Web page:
The books Southern indie booksellers are recommending to readers everywhere!

Social Topics

Muhammad Najem, War Reporter by Muhammad Najem

A Syrian kid living through the Syrian civil war decides to interview other kids his age using his phone to document what’s going on. He shares it on social media like YT Tw and FB. He felt like he was being targeted by bombs for his news videos. Tense, informative, serious, sad, but also has happy moments. Read it all in one sitting. Hard to put down.

Muhammad Najem, War Reporter by Muhammad Najem, (List Price: $12.99, Little, Brown Books for Young Readers, 9780759556904, September 2022)

Reviewed by Eliza, Main Street Books in Davidson, North Carolina

Maybe An Artist, A Graphic Memoir by Liz Montague

This graphic memoir should be put into every middle and high school library in the country! As kids we are often told to do what we love, but there’s so much pressure on kids to succeed before they get a chance to figure out what success may look like for them. In this book Liz Montague documents the stress of trying to become something she wasn’t and how she eventually acknowledged and achieved her dreams of becoming an artist. I loved her illustration style — it is so simple and so effective!

Maybe An Artist, A Graphic Memoir by Liz Montague, (List Price: $17.99, Random House Studio, 9780593307823, October 2022)

Reviewed by Kate Storhoff, Bookmarks in Winston-Salem, North Carolina

I Color Myself Different by Colin Kaepernick

What a great way to share with a young child why they are different and why they matter. Colin learns he was chosen and was adopted into a family of loving people. Great colorful illustrations and a wonderful message. For kids and adults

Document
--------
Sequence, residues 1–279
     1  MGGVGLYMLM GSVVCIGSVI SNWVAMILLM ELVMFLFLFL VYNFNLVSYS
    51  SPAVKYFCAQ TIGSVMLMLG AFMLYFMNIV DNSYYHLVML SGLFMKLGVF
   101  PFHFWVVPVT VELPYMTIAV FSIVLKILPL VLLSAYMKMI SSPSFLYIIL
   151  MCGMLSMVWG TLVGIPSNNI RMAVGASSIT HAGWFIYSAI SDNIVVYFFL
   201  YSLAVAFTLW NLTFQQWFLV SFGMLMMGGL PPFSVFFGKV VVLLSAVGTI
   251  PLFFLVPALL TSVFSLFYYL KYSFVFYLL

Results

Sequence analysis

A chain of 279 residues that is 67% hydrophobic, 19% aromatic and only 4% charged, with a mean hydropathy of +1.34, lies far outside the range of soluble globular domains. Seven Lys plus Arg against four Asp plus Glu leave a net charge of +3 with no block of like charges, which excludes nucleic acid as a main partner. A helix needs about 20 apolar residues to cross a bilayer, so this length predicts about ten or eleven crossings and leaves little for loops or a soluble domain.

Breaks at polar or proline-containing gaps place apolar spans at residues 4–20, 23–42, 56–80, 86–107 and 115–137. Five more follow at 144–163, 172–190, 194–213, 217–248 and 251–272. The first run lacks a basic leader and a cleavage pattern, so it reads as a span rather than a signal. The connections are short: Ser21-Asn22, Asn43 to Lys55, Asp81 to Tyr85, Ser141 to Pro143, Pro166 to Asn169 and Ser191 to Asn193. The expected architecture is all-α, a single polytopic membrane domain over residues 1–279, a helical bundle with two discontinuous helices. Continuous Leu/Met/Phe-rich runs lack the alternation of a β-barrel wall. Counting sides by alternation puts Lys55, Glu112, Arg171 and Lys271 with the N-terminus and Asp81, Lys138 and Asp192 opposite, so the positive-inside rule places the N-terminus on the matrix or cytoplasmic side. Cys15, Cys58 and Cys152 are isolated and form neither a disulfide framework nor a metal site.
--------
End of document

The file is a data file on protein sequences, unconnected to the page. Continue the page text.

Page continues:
I Color Myself Different by Colin Kaepernick, (List Price: $18.99, Scholastic Inc., 9781338789621,  April 2022)

Reviewed by Gina Norris, Page 158 Books in Wake Forest, North Carolina

Passport by Sophia Glock

As though growing up wasn’t tough enough on its own. Let’s add a sink-or-swim Spanish immersion school that you transfer to years after your classmates start learning Spanish, even if your parents yank you out after their great experiment (you) fails. Add constantly moving house from country to country, AND your parents don’t even tell you what it is they do (because it’s <redacted>). This memoir told in graphic novel is for young people looking for their people, trying to avoid the watchful eye of their parents, and trying to (depending on the sibs) live up to or escape the shadow of the older sibs. Oh and maybe get a first kiss out of the deal. The art conveys much depth to an already affecting story, particularly in the opening chapters where the sense of place is established.

Passport by Sophia Glock, (List Price: 17.99, Little, Brown Books for Young Readers, 9780316459006, November 2021)

Reviewed by Lisa Yee Swope, Bookmarks in Winston-Salem, North Carolina


Scroll to Top